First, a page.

Long Bone Fracture Repair

Conventional Bone Plating

When using conventional bone plates to heal a long bone fracture in the horse, the fracture is stabilized as outlined below. When you tighten a bone screw (force =F1), it compresses the bone plate against the bone (force = F2) creating friction (force = F3) between the bone plate and the bone. Recognizing that the horse bears weight immediately after surgery, in order for the fracture to heal, the force of friction (F3) between the bone plate and the bone must be greater than the force of weight bearing (force = F4) or the fracture repair will become unstable and fail.

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Locking Compression Plating

Locking compression plating (LCP) is a fundamental change in the way the forces are managed to stablilze the fracture. With the LCP system, the threaded head of the LCP screw (Figure 1) “locks” into the threaded hole of the LCP plate (Figure 2) at a 90 degree angle to the bone plate (see radiographs below). By locking the head of the bone screw to the bone plate, the fractured bone is stabilized by the bone plate over the entire length of the bone. This provides significant stability to the fractured bone even if the friction between the bone plate and bone is poor.

Another major mechanical advantage of the LCP system is the internal diameter of the bone screw. The internal diameter of the largest LCP screws is 4.3 mm but the internal diameter of the largest conventional bone screw is 4.0 mm. The larger core diameter of the LCP screw makes the mechanical properties of this system superior in bending to the conventional bone screw.

The combination hole in the LCP plate (Figure 2 & 3) allows the placement of a LCP (threaded head) screw on one side of the hole (black arrow) or the placement of a conventional (non-threaded head) bone screw on the opposite side of the hole (red arrow).

Conventional plating and locking compression plating rely on different mechanical principles for fracture stabilization and in doing so provide a different biological environment for bone union. Locking compression plating is a major advancement for the repair of long bone fractures in the horse. Please contact John Peloso via email (This email address is being protected from spambots. You need JavaScript enabled to view it.) if you have questions regarding the LCP system for equine long bone fracture repair.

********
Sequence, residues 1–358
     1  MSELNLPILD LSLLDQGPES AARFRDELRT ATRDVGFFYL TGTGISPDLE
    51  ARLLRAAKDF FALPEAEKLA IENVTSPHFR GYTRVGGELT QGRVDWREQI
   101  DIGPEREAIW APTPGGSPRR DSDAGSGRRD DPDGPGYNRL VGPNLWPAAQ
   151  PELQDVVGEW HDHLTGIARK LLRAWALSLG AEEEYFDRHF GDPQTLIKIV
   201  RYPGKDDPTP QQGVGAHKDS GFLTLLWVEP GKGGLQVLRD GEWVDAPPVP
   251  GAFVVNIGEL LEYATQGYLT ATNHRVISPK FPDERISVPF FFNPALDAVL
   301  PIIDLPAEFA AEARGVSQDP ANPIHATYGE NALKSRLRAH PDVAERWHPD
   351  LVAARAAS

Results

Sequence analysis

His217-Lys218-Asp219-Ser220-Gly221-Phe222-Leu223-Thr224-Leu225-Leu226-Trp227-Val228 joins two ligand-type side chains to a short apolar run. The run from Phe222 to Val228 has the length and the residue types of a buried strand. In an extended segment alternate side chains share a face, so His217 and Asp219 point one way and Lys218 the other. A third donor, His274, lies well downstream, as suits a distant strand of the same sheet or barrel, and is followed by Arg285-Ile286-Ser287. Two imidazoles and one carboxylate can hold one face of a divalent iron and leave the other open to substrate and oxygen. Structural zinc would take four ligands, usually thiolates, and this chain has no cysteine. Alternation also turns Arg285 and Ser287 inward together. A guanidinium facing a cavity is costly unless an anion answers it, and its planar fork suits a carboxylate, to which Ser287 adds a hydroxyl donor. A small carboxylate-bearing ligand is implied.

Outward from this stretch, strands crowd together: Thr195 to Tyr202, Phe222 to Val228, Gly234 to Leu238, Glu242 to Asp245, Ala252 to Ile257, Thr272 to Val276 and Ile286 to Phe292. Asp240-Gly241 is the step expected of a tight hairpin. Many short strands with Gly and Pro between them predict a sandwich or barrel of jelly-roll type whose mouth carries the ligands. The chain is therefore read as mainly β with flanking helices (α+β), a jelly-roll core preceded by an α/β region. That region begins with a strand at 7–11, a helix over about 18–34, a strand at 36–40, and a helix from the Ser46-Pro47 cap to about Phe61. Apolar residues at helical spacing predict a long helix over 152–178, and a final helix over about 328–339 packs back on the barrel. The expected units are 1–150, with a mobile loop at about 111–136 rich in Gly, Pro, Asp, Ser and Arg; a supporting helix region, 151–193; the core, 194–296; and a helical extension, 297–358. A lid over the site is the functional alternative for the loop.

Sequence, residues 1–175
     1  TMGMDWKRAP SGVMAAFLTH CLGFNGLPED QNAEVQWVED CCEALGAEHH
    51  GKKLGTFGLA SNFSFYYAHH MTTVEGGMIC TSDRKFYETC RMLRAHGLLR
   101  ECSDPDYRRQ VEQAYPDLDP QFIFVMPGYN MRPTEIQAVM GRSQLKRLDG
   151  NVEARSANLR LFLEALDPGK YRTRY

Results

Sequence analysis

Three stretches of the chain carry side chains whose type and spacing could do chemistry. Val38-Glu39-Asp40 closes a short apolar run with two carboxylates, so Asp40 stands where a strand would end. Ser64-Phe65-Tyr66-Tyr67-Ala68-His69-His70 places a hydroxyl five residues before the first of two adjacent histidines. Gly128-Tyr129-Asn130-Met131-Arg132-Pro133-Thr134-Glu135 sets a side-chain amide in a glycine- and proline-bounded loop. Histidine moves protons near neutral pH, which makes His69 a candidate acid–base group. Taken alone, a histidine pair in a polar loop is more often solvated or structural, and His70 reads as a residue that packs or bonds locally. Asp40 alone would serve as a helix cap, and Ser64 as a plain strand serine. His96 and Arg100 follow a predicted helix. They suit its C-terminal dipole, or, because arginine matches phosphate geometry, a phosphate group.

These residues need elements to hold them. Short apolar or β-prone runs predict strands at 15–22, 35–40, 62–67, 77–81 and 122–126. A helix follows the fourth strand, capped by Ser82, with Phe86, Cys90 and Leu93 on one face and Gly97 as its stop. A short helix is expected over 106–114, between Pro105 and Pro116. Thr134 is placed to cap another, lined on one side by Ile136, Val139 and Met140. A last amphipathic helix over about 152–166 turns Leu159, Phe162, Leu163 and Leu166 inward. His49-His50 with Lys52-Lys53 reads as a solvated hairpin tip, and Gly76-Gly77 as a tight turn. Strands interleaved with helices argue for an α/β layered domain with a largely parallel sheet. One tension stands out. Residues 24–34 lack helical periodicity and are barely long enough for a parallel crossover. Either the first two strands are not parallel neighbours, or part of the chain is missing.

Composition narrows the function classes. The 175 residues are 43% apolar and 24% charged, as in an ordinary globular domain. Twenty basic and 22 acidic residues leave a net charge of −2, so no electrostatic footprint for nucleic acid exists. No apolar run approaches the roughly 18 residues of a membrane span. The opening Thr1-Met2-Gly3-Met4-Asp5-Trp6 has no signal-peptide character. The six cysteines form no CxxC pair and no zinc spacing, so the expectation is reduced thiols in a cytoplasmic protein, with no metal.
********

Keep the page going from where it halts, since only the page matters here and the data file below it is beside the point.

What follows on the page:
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LCP Screw
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Conventional Bone Screw

Figure 1: Note the threads on the head of the LCP screw verses the smooth shoulder on the head of the conventional screw.

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Figure 2: Note the combination hole in the LCP bone plate. The black arrow identifies the presence of threads in the left side of the hole for placement of an LCP screw. The red arrow identifies the absence of threads in the right side of the hole providing the option to place a conventional bone screw.

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Figure 3: Note the LCP screw to the left of the hole in the upper bone plate and the conventional screw to the right of the hole in the lower bone plate.

Examples of Cases Treated with the LCP System

Pastern Joint Fusion

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Post-Operative Radiographs

FETLOCK JOINT FUSION

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Pre-Operative Radiographs
FetlockJointPostop
Post-Operative Radiographs

CARPAL JOINT FUSION

CarpalJoint
Pre-Operative Radiographs
CarpalJointPost
Post-Operative Radiographs

CANNON BONE FRACTURE: Adult

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Pre-Operative Radiographs
cannon adult post
Post-Operative Radiographs

CANNON BONE FRACTURE: Foal

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Pre-Operative Radiographs
post op 2
Post-Operative Radiographs

OLECRANON (ULNAR) FRACTURE- Yearling

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Pre-Operative and Post-Operative Radiographs

ANDERSON SLING FOR THE RECOVERY OF LONG BONE FRACTURE REPAIR

The Anderson sling recovery system was originally developed as an air rescue device (www.andersonslong.com). In a hospital setting, it is used to help horses recover from general anesthesia to facilitate a smooth recovery, and for down horses for rehabilitation and long term care.

For horses that are recovering from a recent long bone fracture repair, it is an effective and safe way to smoothly transition horses from a prolonged recumbent to a standing position. Recognizing that the surgical repair is not as stable as a normal limb, it improves the prognosis for long bone fracture repair if the explosive nature of equine recovery from general anesthesia can be avoided.

In the photographs below, the horse had a long bone fracture repair of the left front cannon bone and has been assisted to the standing position using the Anderson sling but has yet to recovery from general anesthesia.

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Figure 1: The red arrow identifies the endotracheal tube that remains in place following general anesthesia. The endotracheal tube will remain until the horse can successfully swallow and maintain a patent airway without assistance.

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Equine Medical Center of Ocala
7107 West Hwy 326
Ocala, Florida 34482

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